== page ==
Redington Wader Review

mtskibum16

Active Member
#31
Last pair of Simms lasted six years. Excellent waders.
I liked the cut of the old Simms better then the new ones. The slimmer fit doesn’t fit my old fat ass very well, especially when layered up.
I like a bit looser fit.

Simms also seems to discriminate against dudes with bigger feet. Last time I looked, 13 was the biggest standard bootie size. Perhaps that has changed.
I paid $75.00 extra to get bigger booties on my last pair of Simms.
Sent them to Simms to get the booties replaced on my dime after six years and Simms declined, saying they had basically met their useful life.

I’ve been happy with the non zipper Redington Sonic Pros. Got four years and about 450-500 days out of them. Almost all of that was in the salt, so no real bushwhacking for me.
They seem like a good value based on the $199 I paid for them.
I bought another pair for that same price that I’m currently wearing.
The older I get, the better a zipper sounds.
SF
Yeah mine are Sonic Pros as well. My "failures" that I had warranty replaced were never leaks. Just stuff like threading coming loose on the elastic gravel guards. I have yet to spring a leak in my 3 pairs of Sonic Pros.
 

Kyle Smith

DBA BozoKlown406
#32
Do be mindful that welded waders to not have glued seams as far as I know, so this wouldn't work unless you get the spot hot enough to re-weld it.
Ok, I was under the impression that they were welded and taped.

Per Redington: "High-tech, double-taped, sonic welded seams (adhered together with sound as compared to being sewn) provide greater durability, comfort and increased mobility."

I think the welding just does the part sewing does on other waders, not the waterproofing part so much.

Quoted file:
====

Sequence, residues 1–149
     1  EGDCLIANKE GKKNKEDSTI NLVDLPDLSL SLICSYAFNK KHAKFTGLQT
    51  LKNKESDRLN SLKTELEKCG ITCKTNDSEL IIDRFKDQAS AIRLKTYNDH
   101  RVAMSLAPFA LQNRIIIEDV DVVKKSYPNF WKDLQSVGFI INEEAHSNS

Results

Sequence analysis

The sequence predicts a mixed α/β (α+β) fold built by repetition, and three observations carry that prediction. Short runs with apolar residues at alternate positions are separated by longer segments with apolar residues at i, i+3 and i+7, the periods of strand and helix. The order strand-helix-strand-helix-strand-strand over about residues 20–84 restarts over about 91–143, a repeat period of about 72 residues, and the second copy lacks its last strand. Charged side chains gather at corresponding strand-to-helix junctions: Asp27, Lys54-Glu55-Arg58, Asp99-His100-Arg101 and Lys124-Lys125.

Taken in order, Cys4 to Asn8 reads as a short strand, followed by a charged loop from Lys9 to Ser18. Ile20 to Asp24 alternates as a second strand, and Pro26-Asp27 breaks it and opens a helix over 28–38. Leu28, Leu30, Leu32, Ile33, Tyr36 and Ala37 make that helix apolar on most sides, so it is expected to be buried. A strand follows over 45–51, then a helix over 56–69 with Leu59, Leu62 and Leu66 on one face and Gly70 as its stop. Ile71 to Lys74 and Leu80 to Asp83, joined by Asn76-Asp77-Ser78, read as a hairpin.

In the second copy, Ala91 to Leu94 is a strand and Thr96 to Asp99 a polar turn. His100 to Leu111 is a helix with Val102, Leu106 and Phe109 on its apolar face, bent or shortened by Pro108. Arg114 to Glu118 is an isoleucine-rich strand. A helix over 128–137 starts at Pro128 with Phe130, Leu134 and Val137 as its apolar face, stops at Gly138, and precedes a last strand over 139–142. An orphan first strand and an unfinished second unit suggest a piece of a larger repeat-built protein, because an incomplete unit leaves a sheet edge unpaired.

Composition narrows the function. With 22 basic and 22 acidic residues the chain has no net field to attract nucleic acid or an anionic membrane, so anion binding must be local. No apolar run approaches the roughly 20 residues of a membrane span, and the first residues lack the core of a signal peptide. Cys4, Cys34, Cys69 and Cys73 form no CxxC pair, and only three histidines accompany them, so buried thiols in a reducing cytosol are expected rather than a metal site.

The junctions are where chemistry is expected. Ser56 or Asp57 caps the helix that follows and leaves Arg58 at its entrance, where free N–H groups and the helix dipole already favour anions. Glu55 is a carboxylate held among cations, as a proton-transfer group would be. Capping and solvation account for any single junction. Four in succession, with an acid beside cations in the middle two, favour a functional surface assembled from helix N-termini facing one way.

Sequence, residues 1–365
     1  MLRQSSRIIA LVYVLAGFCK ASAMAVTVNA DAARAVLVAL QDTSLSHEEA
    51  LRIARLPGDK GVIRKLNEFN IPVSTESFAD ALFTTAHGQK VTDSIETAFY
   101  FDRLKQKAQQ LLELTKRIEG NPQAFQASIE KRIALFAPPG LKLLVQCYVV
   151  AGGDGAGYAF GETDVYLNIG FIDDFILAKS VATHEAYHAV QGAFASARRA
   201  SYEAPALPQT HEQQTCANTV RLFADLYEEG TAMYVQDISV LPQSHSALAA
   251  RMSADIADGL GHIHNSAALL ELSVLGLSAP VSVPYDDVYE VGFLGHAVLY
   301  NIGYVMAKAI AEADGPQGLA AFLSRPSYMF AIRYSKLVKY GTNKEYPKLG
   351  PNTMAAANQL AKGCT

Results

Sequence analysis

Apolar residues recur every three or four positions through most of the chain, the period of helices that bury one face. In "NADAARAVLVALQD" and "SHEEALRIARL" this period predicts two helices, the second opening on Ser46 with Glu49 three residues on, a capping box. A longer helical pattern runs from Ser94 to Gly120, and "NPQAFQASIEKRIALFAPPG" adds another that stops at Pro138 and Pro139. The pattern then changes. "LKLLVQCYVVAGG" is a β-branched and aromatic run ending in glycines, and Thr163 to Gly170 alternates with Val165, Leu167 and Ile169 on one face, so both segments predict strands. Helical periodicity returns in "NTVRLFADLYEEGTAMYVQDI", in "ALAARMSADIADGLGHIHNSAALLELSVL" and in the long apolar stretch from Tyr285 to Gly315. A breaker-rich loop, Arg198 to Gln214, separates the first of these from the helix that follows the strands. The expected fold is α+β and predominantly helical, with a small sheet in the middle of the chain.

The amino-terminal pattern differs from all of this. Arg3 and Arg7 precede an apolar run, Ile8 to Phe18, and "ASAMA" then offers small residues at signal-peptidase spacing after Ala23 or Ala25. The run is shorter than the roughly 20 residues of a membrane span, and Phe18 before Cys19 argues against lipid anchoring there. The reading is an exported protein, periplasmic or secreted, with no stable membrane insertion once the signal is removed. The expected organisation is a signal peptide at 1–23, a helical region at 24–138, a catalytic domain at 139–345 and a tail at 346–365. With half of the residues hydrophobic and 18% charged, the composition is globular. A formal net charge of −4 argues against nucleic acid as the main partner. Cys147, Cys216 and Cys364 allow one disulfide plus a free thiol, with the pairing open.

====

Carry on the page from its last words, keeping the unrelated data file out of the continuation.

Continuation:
XP

Active Member
#34
I've got 4 plus years on my zip front Redingtons without a complaint. But I'm thinking the time is coming soon for a new pair. Has anyone here tried waders from Dryft?
I've heard dryft has worked out the issues they had with earlier models. But people should be jumping on the Simms deals right now- just got a pair of G3 Guide waders for 250$ on eBay. New and a great warrranty.
 

mtskibum16

Active Member
#35
Ok, I was under the impression that they were welded and taped.

Per Redington: "High-tech, double-taped, sonic welded seams (adhered together with sound as compared to being sewn) provide greater durability, comfort and increased mobility."

I think the welding just does the part sewing does on other waders, not the waterproofing part so much.
You could be right on that. Kind of sounds like it.
 
#36
One request. Can we please say how long we’ve had them in terms of days used not years owned?
THAT ^^^^

My Redington's are working on about 300ish days, which I consider damn good for all of the bushwhacking I do when hiking in to my spots. They may have a bunch of silicone spots from me repairing leaks (my own fault for the type of use they get), but they keep my dry...

Probably the reason companies like Redington (others are doing similar things with more to follow I'm sure) are cracking down is because they're getting tired of people basically renting their equipment...hell, every product has a shelf life.
 

XP

Active Member
#37
THAT ^^^^

My Redington's are working on about 300ish days, which I consider damn good for all of the bushwhacking I do when hiking in to my spots. They may have a bunch of silicone spots from me repairing leaks (my own fault for the type of use they get), but they keep my dry...

Probably the reason companies like Redington (others are doing similar things with more to follow I'm sure) are cracking down is because they're getting tired of people basically renting their equipment...hell, every product has a shelf life.
300 days? Do you guide? I put 300 minutes on my first pair of Redingtons and I had a wet foot
 
#40
I own 3 pairs of the Redington Sonic Pro's. 1 original Zip Front (with the RiRi Zipper which is now obsolete), 1 non-Zip Front (both acquired in 2012), and 1 of the newest generation (Sonic Pro HDZ) acquired in 2014. None have ever had a leak.

The first pair (Sonic Pro, non-zip front) has about 50 days on them, and I use them mostly as my back up waders or if a friend is coming with me that doesn't have waders. No complaints, no leaks, but they haven't been used much.